Open-top light sheet microscope image of an entire mouse brain stained to highlight large blood vessels (green), and smaller blood vessels (orange and pink). (Image: Adam K. Glaser, University of Washington, Seattle)

The microscope is a workhorse in laboratories for biomedical research and diagnosing disease from tissue samples such as tumor biopsies. A research team led by engineers at the University of Washington has developed a microscope that combines rapid high- and low-power light-sheet microscopy with an open top design that allows for rapid imaging of a wide range of sample types.

The research was led by Dr. Adam Glaser while he was working in the laboratory of principal investigator Jonathan Liu, professor of mechanical engineering, laboratory medicine & pathology, and bioengineering at the University of Washington with collaborators from across the country and internationally. Dr. Glaser is now a senior scientist at the Allen Institute for Neural Dynamics in Seattle, Washington.

Dr. Liu’s laboratory has been focused on improving the utility of microscopy technologies for clinical applications and in research laboratories. Their new microscope is called a hybrid open-top light-sheet (OTLS) microscope, which brings characteristics of several different microscopes into one, with the aim of reducing the scanning time and the computer resources necessary to efficiently and accurately analyze tissue specimens.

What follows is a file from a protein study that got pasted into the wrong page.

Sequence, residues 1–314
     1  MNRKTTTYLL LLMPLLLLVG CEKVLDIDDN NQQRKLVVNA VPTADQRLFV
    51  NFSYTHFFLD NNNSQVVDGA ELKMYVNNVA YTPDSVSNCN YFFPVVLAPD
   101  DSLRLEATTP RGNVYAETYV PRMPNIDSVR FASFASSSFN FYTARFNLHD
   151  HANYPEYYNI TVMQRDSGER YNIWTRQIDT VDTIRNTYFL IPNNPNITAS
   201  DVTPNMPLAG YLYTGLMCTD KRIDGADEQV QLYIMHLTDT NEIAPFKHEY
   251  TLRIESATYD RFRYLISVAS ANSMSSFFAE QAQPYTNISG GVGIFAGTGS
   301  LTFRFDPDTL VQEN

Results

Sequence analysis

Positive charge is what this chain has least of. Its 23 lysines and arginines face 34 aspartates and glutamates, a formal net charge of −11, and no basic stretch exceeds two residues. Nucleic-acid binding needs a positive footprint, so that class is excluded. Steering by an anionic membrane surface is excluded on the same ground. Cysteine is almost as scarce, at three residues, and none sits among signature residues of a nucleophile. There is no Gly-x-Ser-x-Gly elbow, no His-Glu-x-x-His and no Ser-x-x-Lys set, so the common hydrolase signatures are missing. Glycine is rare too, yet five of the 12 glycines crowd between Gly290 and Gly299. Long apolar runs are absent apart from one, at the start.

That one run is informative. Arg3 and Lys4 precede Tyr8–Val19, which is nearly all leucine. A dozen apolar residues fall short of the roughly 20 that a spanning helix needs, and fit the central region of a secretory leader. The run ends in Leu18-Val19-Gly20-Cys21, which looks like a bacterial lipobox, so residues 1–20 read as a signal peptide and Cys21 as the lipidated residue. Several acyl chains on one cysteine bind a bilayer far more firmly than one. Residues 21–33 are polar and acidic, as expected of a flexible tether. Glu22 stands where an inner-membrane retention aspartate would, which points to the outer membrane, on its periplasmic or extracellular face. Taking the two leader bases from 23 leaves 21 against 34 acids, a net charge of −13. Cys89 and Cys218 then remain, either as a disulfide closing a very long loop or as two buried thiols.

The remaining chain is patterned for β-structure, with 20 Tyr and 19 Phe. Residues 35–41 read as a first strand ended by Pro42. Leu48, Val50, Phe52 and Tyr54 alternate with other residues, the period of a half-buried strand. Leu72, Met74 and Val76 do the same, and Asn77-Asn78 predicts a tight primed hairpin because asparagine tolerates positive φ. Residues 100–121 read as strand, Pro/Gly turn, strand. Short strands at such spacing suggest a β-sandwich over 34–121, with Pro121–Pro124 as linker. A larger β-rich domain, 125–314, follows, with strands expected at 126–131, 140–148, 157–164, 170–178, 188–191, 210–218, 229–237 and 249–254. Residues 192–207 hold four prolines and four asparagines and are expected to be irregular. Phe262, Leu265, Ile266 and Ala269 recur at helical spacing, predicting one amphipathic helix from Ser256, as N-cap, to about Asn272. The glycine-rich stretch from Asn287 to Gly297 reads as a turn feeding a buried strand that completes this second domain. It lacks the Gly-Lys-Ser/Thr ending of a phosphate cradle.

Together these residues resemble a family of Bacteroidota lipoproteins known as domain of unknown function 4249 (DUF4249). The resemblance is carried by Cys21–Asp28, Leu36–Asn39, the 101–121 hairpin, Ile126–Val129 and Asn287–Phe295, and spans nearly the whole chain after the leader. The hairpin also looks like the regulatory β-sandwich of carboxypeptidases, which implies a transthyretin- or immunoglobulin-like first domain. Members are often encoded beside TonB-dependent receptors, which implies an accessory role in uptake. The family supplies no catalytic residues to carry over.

The microscope is unique in that it is “open-top.” Most microscopes have the lenses hovering over the top looking down at the sample, which severely limits the size of samples that can be placed on the platform just below the lenses. In the open top configuration, the lenses are underneath, “looking up” through the glass platform, which leaves the platform completely wide open so that large pieces of tissue or samples arrayed in the wells of culture plates can be easily placed on the platform and imaged.

The other innovation is that rather than the single objective found in most microscopes, the hybrid microscope contains three. One that sends a sheet of light into the sample to illuminate fluorescent dyes within the sample, and two that capture the fluorescent images that are generated by the illumination light sheet. The two image-capturing objectives allow the researcher to seamlessly view samples in both high and low power. When numerous samples need to be viewed — with the researcher or technician deciding whether to investigate a specific region more closely — the ability to rapidly view low and high power significantly streamlines what can be an arduous process.

“The team has been cognizant of designing a microscopy system that significantly increases imaging efficiency at multiscale while also being accessible to multiple research and pathology laboratories,” said Afrouz Anderson, director of the program in Optical Imaging and Spectroscopy at the National Institute of Biomedical Imaging and Bioengineering, which co-funded the project. “The system is largely built from off-the-shelf parts, which will allow other labs to build and integrate it into their workflow.”